Answered By Fire: articles

David Wenham and Isabelle Blais in action

Hot spot ... David Wenham and Isabelle Blais in action.

Fire power

A new ABC miniseries about East Timor could mark a resurgence in local drama from the public broadcaster.

East Timor may be thousands of kilometres away, but in the humid Gold Coast hinterland, just 45 minutes' drive from Dreamworld, I'm suddenly surrounded by thickets of rainforest, thatched-roof houses and people chattering in Portuguese. I'm on the set of Answered By Fire, an $8 million Australian-Canadian co-production starring David Wenham, about the events of 1999, when the East Timorese braved intimidation to vote for independence from Indonesia in a UN-sponsored ballot.

Everyone is happy: an important scene has been shot this morning and the cast and crew, including dozens of grinning East Timorese extras, are chowing down on lunch.

East Timor and Australia are bound by blood, as Wenham's character explains: "The East Timorese saved our arses in World War II against the Japanese and then in 1975 we just stood by and let the Indonesians walk in and take this place. We owe these people, big-time."

The cash-strapped ABC has delivered with this beautiful two-part miniseries, an increasingly rare foray away from panel chatfests and British cop dramas. Artfully

shot and with gut-wrenching performances, Answered By Fire inspires hope of a public-broadcaster-led renaissance in Australian drama.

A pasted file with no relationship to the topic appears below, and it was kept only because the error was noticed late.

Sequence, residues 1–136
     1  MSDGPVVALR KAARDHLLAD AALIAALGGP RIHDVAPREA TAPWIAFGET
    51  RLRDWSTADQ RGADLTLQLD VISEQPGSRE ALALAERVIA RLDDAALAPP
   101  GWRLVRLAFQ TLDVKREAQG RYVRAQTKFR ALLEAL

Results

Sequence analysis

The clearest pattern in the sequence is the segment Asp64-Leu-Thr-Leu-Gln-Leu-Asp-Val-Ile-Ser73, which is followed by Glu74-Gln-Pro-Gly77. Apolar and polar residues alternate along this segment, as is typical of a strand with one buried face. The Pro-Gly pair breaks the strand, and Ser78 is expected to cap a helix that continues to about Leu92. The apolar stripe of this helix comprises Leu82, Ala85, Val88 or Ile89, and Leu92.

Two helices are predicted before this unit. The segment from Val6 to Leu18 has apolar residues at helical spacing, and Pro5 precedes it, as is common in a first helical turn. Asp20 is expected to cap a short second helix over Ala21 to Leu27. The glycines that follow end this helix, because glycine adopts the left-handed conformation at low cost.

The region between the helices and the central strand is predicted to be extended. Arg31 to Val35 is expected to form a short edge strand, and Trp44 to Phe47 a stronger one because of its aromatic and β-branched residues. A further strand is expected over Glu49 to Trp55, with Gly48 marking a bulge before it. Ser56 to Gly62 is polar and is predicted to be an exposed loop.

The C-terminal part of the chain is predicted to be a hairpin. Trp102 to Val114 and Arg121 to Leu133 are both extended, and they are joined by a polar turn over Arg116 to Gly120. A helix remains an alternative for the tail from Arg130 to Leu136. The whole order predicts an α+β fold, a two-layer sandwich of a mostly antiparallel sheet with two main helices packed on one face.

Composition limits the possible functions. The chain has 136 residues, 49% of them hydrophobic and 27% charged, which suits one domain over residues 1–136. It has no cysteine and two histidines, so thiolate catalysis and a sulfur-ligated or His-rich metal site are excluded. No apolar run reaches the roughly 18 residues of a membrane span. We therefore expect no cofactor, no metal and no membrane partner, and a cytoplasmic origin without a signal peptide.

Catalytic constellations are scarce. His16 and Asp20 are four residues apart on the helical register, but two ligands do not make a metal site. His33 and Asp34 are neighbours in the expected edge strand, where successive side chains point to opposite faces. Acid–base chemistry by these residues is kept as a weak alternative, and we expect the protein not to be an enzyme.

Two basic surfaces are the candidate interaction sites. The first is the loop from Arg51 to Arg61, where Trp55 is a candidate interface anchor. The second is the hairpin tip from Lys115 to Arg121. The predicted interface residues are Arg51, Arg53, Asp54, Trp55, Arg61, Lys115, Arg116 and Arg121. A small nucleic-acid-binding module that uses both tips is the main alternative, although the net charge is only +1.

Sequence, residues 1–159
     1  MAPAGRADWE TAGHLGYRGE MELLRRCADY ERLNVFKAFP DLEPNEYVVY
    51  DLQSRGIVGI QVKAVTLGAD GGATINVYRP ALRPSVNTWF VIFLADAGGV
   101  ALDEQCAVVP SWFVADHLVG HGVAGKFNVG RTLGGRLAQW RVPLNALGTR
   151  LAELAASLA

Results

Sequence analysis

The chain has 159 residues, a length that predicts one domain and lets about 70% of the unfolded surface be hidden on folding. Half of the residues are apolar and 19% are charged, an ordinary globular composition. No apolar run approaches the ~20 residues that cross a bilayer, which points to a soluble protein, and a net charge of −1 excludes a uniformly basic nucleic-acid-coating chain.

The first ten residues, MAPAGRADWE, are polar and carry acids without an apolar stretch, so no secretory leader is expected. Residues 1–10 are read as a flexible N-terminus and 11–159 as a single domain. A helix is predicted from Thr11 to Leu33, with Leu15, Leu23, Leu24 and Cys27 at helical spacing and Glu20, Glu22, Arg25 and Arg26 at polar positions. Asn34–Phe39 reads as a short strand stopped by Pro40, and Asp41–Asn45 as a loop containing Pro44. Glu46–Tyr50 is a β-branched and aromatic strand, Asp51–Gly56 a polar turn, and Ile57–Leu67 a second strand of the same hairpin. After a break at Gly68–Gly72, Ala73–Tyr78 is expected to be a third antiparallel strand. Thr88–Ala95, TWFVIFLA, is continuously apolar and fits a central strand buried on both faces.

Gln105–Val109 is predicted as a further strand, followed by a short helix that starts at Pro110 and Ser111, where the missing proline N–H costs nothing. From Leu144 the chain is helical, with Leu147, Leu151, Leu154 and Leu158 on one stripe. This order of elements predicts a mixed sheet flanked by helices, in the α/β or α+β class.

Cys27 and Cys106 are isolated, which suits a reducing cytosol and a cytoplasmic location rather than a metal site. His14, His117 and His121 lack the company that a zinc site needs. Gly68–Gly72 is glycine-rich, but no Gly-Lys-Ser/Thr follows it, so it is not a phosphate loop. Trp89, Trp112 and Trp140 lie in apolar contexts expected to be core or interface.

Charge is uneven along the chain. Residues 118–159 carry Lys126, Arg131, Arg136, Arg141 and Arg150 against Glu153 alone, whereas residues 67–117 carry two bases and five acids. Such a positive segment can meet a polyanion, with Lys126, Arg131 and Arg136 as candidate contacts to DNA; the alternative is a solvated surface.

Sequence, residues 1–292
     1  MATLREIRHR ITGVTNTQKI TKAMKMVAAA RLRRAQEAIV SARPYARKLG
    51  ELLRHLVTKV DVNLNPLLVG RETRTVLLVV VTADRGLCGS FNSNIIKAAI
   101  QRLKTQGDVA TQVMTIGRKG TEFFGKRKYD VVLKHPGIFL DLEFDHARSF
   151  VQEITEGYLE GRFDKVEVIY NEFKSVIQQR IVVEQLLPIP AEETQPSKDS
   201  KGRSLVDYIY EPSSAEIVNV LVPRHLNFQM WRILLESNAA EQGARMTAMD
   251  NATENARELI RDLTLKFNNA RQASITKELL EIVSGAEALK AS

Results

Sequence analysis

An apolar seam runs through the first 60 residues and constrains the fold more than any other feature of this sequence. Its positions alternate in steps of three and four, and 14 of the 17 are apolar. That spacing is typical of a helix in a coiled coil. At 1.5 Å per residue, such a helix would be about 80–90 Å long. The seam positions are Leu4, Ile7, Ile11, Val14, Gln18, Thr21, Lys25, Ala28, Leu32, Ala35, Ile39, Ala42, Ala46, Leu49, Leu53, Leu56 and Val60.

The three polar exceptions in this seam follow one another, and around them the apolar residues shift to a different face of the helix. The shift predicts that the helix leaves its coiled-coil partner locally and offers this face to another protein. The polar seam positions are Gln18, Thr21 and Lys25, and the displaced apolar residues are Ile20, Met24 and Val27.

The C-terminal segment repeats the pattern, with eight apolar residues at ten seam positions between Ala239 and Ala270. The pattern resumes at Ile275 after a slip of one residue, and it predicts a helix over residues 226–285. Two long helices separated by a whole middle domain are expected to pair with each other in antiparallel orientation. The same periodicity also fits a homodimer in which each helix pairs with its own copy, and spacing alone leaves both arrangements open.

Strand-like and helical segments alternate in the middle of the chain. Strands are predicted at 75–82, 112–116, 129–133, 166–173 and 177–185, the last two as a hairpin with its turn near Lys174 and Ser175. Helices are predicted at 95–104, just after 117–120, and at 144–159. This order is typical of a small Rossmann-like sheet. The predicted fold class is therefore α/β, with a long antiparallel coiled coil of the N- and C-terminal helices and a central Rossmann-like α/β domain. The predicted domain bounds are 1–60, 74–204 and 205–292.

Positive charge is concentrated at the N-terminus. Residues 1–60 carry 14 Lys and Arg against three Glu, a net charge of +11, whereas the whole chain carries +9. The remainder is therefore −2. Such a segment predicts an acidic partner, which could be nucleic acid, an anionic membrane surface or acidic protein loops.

The story revolves around Mark (Wenham), an Australian policeman who has volunteered for the UN mission. Together with a Canadian officer, Julie (played by Canadian actor Isabelle Blais), and a young local translator, Ismenio (Alex Tilman), he supervises the registration of the East Timorese and ensures conditions are safe for the vote.

Mark is challenged and enchanted by the headstrong Julie. She sulks at his decisions and takes matters into her own hands, at one point attending a Fretilin pro-independence meeting and compromising the UN mission's neutrality.

Once the referendum result is announced, the UN team is forced to evacuate East Timor as local militia, backed by the Indonesian military, begin to butcher thousands of pro-independence supporters. In one scene, screaming villagers, one clutching a baby, scramble over barbed wire to enter the UN compound and escape militia gunfire.

Guilt-stricken and unable to resume a normal life in Australia, Mark returns to East Timor months later to seek justice and reconnect with the survivors. Julie, on the other side of the world, does the same.

The story of Mark was inspired by David Savage, an Australian UN official who kept a diary of his five years in East Timor. Save for a real-life televised appearance by the Foreign Minister, Alexander Downer (whom Wenham, as Mark, calls a "dickhead" in an apparently unscripted ad-lib), the characters in Answered By Fire are fictional.

"Mark's a good man, a veteran of several missions. It gives him a rush to help people and feel part of the bigger picture," says Barbara Samuels, the Canadian co-writer. "He has a fair idea [the mission] is not going to be a walk in the park but his sense of self is almost destroyed. He usually polices and protects people, but he couldn't do what he came to do."